A Briard head gives the impression of length and sufficient width, its length being about forty percent of the height of the dog at the withers. Skull and muzzle are of equal length, strong, and cleanly sculptured with the planes of the head being parallel. The occiput is surprisingly prominent. The nose is square and must be black, no matter the color of the dog. Ears are to be set high, and may be either cropped or left natural. There is no preference given to either, but the ears should be expressive and mobile—though they will not necessarily be in a constant state of alert. The eyes are set well apart, large, neither round nor almond, with a horizontal axis, and the upper lid is somewhat arched. They are black or black-brown, with a confident, questioning expression. Pigmentation of the eye rims should be very dark, sometimes extending beyond the rim of the eye. The lips are black.
The neck is of good length and is in the shape of a truncated cone. “The head joins the neck in a right angle and is held proudly alert” is a phrase that is applied to the dog in a stationery position. It connotes the manner in which the neck joins the base of the skull. It does not imply that the neck is held in a vertical line. When in motion, the head and neck should extend forward.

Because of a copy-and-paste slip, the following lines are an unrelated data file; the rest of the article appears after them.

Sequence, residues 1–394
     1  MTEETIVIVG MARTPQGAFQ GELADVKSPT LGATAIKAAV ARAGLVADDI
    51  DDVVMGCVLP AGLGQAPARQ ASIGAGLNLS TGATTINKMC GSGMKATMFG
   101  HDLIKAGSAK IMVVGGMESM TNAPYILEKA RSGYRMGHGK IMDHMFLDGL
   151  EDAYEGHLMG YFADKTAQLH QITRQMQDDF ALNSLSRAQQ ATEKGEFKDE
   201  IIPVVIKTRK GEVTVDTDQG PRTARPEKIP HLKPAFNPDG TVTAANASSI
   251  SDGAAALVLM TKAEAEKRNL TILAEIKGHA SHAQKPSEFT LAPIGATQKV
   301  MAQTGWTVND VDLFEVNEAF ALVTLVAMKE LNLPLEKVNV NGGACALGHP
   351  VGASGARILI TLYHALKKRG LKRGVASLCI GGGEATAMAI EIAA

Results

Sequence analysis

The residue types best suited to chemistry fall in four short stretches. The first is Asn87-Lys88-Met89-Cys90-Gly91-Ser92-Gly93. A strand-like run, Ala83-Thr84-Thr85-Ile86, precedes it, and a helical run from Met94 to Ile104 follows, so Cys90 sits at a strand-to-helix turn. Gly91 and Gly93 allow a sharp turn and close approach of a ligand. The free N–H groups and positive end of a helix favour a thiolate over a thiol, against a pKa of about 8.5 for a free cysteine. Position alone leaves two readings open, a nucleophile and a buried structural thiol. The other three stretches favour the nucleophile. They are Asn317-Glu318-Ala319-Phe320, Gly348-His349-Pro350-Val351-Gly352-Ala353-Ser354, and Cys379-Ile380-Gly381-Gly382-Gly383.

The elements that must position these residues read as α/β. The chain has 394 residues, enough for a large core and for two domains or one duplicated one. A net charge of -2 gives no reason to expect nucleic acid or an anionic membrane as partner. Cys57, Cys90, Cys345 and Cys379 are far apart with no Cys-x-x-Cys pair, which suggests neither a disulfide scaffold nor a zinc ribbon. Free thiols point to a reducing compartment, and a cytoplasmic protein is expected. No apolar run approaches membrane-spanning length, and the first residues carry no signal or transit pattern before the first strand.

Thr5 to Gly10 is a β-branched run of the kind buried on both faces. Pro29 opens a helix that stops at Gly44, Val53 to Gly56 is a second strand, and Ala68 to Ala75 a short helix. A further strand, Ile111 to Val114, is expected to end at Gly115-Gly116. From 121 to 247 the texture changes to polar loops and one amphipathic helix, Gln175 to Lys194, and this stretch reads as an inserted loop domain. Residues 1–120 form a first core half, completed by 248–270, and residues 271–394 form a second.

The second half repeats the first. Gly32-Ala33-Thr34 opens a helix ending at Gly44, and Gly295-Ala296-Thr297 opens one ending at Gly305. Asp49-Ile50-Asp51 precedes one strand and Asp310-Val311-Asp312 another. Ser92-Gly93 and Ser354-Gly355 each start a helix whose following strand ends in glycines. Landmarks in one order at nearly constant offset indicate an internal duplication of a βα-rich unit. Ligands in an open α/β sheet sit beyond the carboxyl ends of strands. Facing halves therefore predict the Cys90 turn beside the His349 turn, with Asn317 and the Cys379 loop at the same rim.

The outline of the Briard is completed by a breed hallmark, the distinctive tail that ends in a crook (or “crochet”), similar to the letter “J” when viewed from the right side of the dog. The shape is not always apparent when the dog is in repose. Ideally, the tail should be carried low, never coming above the level of the back (except for the terminal crook).
Another traditional breed hallmark are the double dewclaws required on each rear leg. It is important to learn how to examine for the digits as, ideally, the dewclaws form functional toes and are, therefore, much lower than one might anticipate.
The Briard coat should enhance the outline of the dog. A correct coat needs less grooming and functions better in the elements. The correct double coat is coarse, hard and dry, and slightly waving on the outside with a tight, short, protective undercoat. The colors are black, tawny, and gray in various shades. Combinations of two of these colors are permitted without marked spots, but rather, with smooth, gradual, and symmetrical transitions from one color to another. White is not allowed, except as scattered white hairs throughout the coat on all colors or as a spot on the chest no bigger than one inch in diameter at the root of the hairs. Briards may go through color changes from puppyhood to adulthood, which may include the changing of some black coats to gray, and tawny coats to lighten (and then darken) over time. This transitional color change also occurs in the grays. The coat texture may also go through changes over the course of several years.
The gait of the well-conformed Briard is beautiful to behold. It is light and gliding, a marvel of supple power; effortless. It is important that the angulations of the front and rear be correct and equal, to help drive the dog forward and create the balanced gait so valued by the shepherd. Briard movement clearly displays the balance, power, flexibility, and soundness synonymous with its correct structure.